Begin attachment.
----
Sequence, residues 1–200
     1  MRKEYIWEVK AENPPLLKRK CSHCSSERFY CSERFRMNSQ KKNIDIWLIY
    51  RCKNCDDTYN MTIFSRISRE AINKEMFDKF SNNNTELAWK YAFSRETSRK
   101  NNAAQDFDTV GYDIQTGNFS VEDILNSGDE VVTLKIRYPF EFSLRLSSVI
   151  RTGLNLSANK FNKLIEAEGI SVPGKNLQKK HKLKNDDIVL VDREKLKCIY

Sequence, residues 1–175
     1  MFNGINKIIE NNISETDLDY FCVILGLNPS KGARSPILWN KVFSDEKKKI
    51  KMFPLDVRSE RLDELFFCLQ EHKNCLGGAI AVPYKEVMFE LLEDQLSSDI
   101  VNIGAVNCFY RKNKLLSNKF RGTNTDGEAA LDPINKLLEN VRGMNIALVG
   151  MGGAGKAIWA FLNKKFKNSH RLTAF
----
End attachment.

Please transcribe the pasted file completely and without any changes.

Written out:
Sequence, residues 1–200
     1  MRKEYIWEVK AENPPLLKRK CSHCSSERFY CSERFRMNSQ KKNIDIWLIY
    51  RCKNCDDTYN MTIFSRISRE AINKEMFDKF SNNNTELAWK YAFSRETSRK
   101  NNAAQDFDTV GYDIQTGNFS VEDILNSGDE VVTLKIRYPF EFSLRLSSVI
   151  RTGLNLSANK FNKLIEAEGI SVPGKNLQKK HKLKNDDIVL VDREKLKCIY

Sequence, residues 1–175
     1  MFNGINKIIE NNISETDLDY FCVILGLNPS KGARSPILWN KVFSDEKKKI
    51  KMFPLDVRSE RLDELFFCLQ EHKNCLGGAI AVPYKEVMFE LLEDQLSSDI
   101  VNIGAVNCFY RKNKLLSNKF RGTNTDGEAA LDPINKLLEN VRGMNIALVG
   151  MGGAGKAIWA FLNKKFKNSH RLTAF